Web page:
Many of the artists who have participated in the Showcase have gone on to worldwide success, while others continue to perform for loyal local audiences. And some have cashed in and left music altogether.
Julie Davis has been an icon in the Denver music scene since the mid-2000s, writing and singing songs and pushing the limits of her upright bass. She's collaborated with such musicians as Nathaniel Rateliff, Gregory Alan Isakov, Ian Cooke and many more, but she's really made her mark as an artist in acts like Bela Karoli and Bluebook, her current project with Jess Parsons, which just released the phenomenal album The Astronaut's Wife and is set to release a music video on March 29 at ReCreative Denver. Many of Davis's projects have played the Westword Music Showcase over the years. Here's what she has to say about the festival and Denver's music scene:
Westword: What memories and stories do you have of playing Westword Music Showcase?
Julie Davis: I remember rolling into Denver, fresh from a West Coast tour with Gregory Alan Isakov and heading right for our set in the Westword Music Showcase. It was probably 2006, and for me, everything felt fresh and exciting. I was so proud and happy to be playing music in my home town. For the Showcase, I always enjoyed playing in the Curious Theatre, the bands spilling out into the gravel parking lot, vans pulling in and out. One year we played in the theater with members of the Colorado Symphony Orchestra, and it was very exciting.
How has your own band evolved since playing Showcase?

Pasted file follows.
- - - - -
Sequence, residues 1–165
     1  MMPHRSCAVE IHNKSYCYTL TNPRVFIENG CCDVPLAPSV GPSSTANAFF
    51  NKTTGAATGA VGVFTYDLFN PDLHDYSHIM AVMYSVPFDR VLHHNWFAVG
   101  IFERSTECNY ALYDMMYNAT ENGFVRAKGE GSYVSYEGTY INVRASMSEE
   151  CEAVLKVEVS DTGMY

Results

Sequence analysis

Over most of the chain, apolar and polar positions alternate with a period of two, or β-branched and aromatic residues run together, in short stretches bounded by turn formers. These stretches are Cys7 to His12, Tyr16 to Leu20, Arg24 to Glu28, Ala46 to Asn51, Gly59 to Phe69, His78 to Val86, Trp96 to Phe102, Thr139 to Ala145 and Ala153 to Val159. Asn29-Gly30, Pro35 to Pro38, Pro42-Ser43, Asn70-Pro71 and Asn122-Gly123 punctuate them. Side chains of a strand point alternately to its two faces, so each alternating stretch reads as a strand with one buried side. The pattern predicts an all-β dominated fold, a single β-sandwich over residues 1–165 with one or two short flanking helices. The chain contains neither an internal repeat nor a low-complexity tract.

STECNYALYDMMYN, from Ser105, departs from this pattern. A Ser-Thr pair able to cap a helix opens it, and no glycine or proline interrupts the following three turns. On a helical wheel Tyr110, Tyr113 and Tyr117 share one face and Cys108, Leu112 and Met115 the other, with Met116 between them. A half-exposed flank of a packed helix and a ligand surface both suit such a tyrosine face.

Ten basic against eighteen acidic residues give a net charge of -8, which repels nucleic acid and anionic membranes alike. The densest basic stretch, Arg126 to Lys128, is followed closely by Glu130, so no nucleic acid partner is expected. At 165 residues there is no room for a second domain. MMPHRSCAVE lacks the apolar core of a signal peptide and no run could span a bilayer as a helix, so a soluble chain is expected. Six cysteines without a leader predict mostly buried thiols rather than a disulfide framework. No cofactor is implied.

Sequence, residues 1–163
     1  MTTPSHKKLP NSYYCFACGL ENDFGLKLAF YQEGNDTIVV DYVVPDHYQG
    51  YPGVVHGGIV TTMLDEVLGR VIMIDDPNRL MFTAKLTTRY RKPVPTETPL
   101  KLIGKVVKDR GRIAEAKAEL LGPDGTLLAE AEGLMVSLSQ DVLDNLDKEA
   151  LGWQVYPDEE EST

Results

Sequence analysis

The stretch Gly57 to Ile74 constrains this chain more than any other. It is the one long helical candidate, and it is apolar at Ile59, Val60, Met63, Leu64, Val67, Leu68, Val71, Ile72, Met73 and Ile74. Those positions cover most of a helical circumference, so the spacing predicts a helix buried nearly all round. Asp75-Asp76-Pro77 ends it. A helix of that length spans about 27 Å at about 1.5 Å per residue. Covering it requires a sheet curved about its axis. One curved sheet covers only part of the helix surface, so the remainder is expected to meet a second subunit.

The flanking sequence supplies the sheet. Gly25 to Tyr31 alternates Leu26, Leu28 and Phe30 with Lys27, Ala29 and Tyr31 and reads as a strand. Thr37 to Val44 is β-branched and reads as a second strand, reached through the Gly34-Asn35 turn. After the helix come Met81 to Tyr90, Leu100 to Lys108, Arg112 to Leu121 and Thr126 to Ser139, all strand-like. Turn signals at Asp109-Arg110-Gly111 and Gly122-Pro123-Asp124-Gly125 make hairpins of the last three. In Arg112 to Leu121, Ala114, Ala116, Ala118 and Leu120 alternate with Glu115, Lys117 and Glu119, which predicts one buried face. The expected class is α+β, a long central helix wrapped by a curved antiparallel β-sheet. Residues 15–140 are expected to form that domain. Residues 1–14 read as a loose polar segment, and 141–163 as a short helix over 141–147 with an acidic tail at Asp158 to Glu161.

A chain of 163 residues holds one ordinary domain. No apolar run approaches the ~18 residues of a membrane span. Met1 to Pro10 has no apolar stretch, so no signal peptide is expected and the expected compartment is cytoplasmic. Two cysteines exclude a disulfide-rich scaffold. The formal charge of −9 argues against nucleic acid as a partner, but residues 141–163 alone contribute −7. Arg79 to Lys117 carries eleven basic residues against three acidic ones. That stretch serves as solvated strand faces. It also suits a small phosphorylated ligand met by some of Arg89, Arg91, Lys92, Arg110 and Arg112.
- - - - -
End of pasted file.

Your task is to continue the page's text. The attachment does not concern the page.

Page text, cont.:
My band has changed names and personnel in the many years since I started playing the Westword Music Showcase. Since my first Showcase, I have played with all sorts of beats, including a recorded track, a drummer and a percussion loop. I have been honored to play with so many wonderful musicians over the years. I am excited about the visual aspects of performance that my current band is playing around with.
Denver's music scene has changed a lot over the past 25 years. What are your thoughts on its evolution?
I came of age in the Denver music scene and still count many of those I met and collaborated with as my closest friends. When I started playing in Denver, the scene was very collaborative. It was a small community, and many musicians played together in different bands. It seems like there is so much more diversity in the local scene and a bigger audience for local music than ever before in Denver. I don't play out as much as I used to, but I hope the scene still has some of that sense of community that I found there many years ago.
The 25th Westword Music Showcase will sound off in the Golden Triangle on Saturday, June 29. Get tickets and more details at westwordshowcase.com.